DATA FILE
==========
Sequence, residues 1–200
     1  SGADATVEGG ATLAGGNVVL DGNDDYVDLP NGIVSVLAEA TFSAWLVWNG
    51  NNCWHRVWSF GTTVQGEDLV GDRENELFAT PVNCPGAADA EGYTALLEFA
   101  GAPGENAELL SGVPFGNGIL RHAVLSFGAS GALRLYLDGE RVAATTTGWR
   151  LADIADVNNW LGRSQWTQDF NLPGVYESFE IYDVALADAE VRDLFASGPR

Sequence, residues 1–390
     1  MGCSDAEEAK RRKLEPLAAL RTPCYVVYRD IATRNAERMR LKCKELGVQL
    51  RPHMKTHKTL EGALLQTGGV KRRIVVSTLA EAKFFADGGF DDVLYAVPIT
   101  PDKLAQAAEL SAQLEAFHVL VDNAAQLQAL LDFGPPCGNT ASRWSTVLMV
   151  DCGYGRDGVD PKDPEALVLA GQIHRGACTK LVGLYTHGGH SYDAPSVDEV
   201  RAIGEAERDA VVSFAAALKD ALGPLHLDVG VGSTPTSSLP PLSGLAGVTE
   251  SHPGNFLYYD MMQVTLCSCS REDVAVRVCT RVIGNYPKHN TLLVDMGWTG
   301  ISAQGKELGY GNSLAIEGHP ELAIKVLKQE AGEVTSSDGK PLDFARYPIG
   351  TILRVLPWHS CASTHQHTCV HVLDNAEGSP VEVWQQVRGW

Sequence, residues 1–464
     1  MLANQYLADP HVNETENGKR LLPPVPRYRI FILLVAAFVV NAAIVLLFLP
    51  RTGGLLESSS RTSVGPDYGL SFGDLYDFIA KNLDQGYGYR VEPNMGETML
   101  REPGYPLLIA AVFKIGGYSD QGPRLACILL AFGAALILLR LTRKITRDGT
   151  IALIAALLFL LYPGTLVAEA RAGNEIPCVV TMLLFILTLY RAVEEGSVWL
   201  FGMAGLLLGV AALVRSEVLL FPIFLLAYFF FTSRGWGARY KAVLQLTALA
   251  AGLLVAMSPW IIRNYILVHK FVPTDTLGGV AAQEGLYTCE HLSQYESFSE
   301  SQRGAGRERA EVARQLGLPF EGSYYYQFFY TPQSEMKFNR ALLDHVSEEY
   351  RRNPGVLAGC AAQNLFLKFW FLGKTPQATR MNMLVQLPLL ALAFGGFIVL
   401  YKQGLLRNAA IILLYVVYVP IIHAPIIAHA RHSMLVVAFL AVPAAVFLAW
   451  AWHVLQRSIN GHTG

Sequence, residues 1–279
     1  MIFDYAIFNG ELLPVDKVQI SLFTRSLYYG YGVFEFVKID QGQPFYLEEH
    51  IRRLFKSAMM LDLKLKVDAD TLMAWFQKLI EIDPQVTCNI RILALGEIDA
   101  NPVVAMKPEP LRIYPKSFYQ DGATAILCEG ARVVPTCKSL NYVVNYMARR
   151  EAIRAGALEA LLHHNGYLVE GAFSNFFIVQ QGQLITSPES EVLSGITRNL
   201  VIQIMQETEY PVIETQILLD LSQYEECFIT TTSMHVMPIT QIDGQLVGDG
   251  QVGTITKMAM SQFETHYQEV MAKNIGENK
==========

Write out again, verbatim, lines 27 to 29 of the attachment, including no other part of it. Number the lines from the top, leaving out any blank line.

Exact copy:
     1  MIFDYAIFNG ELLPVDKVQI SLFTRSLYYG YGVFEFVKID QGQPFYLEEH
    51  IRRLFKSAMM LDLKLKVDAD TLMAWFQKLI EIDPQVTCNI RILALGEIDA
   101  NPVVAMKPEP LRIYPKSFYQ DGATAILCEG ARVVPTCKSL NYVVNYMARR